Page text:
“We are working in a way that creates uncertainty, a lot of anxiety, stress … If those numbers keep increasing I don’t know what will happen, but I’m very scared.”
Still, Belén says that she has all the necessary protective equipment to carry out her job and that her employers offer them mental health and well-being sessions, as well as psychological support from specialists.
“Is comforting know that this help is available, “he says.
He also just received, like members of his ICU team, the first dose of the Pfizer vaccine.
But of course, the daily emotional pressure is unstoppable.
“Most ICU patients are in an induced coma when the situation is very critical. But we also have patients who are awake. And they suffer a lot, because most have a ventilation that is not invasive but that hurts a lot in the face. “.
“And these patients agonize a lot and … I think people don’t realize it, but we as nurses also suffer a lot seeing them in this stressful and agonizing situation. Seeing them cry like that and knowing that you can’t do much for them is enough demolition Man sometimes”.
“Although we are more prepared in terms of protocols, in terms of equipment, in terms of guidelines to deal with this second wave, I think that our mood, fatigue and mental health are much worse. And obviously that is a fundamental pillar to be able to carry it out. ”
During the last year Belén also had to treat several of her own companions and is excited to remember how they battled the disease.
“I have a group of colleagues who are my support, my family, my sisters … and we share the same feelings … sometimes we can’t take it anymore.”
“Of all this year the most beautiful thing that I keep is with that friendship and that love that I have created with my colleagues.
I think no one can imagine how difficult work can be… And when your colleagues see you badly or see that you can’t take it anymore and someone comes from behind and rescues you…
I’m not going to have anything to thank for what my teammates have done for me, it has been very nice. “
“Of the patients I keep words that will always touch my heart,” he says, holding back tears. “And also from relatives.”
As she reviews how the last ten months were, Belén alternates endless emotions, sometimes making her smile and other times being briefly silent or emotional.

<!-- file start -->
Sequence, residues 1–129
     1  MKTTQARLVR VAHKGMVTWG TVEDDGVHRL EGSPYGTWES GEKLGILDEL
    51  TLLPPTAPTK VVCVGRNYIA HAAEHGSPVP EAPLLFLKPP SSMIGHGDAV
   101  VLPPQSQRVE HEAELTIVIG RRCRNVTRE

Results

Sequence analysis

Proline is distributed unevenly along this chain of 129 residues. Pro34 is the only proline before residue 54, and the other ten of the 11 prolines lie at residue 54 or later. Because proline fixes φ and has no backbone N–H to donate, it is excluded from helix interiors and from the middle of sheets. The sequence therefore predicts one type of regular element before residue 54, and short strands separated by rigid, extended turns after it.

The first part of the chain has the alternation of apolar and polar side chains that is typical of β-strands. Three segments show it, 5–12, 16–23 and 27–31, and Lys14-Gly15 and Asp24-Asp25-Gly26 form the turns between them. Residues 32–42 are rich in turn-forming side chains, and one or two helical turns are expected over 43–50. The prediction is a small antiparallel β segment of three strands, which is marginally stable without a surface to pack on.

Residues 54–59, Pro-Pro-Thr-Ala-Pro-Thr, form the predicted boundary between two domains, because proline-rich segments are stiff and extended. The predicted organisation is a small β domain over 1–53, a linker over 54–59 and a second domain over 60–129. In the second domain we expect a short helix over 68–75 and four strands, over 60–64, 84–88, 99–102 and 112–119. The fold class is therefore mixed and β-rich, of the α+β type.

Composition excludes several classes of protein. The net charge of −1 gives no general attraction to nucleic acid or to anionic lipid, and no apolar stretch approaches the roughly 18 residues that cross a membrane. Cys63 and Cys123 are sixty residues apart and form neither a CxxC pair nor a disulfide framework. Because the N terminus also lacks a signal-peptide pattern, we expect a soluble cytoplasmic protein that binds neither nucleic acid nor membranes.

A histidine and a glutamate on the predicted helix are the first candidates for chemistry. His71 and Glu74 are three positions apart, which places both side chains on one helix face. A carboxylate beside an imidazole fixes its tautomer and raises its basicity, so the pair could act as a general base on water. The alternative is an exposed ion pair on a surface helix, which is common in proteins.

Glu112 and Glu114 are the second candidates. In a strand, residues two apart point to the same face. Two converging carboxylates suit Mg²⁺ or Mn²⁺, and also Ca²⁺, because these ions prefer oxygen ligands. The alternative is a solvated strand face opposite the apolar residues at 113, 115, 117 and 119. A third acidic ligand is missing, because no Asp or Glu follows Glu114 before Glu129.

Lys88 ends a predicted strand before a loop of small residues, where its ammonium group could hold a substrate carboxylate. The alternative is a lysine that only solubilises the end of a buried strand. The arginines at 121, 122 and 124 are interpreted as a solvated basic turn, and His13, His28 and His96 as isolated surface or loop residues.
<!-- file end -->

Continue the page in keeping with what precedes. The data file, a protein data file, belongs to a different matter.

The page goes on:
With his Andalusian grace, he jokes that during this year the nurses have also developed “a special ability not to pee for 12 hours”, to avoid having to change protective equipment in their long shifts, during which in times of crisis hardly they take a break.
“We hold on, we are warriors.”
Positive, but the bad weighs
Belén, who arrived in the United Kingdom from Jaén in 2015, has a few words for those who still do not take the threat of the coronavirus seriously.
“This is really happening.”
“It hurts me that there are people who do not believe it because I live it every day, and there are people who will never be able to tell it. Out of respect for them and us, please … what else do you need to see to know that this is passing and see that you have to respect some rules for this to end? “.
Taking stock, he says that he tries “to bring out the positive, because we have helped many people. But it is true that the bad weighs”.
In three days his isolation will end and if he does not test positive for covid-19 he will return to the battlefield on Sunday. I ask him how he feels about that return.
“If I’m honest I feel a little anxious, because lately it’s been a bit difficult for me to see what it’s day after day … and it seems that the end never comes …
But I think these days of isolation also help me a bit to rest mentally. So I hope that when Saturday comes I will find myself stronger. “
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Eddie is an Australian news reporter with over 9 years in the industry and has published on Forbes and tech crunch.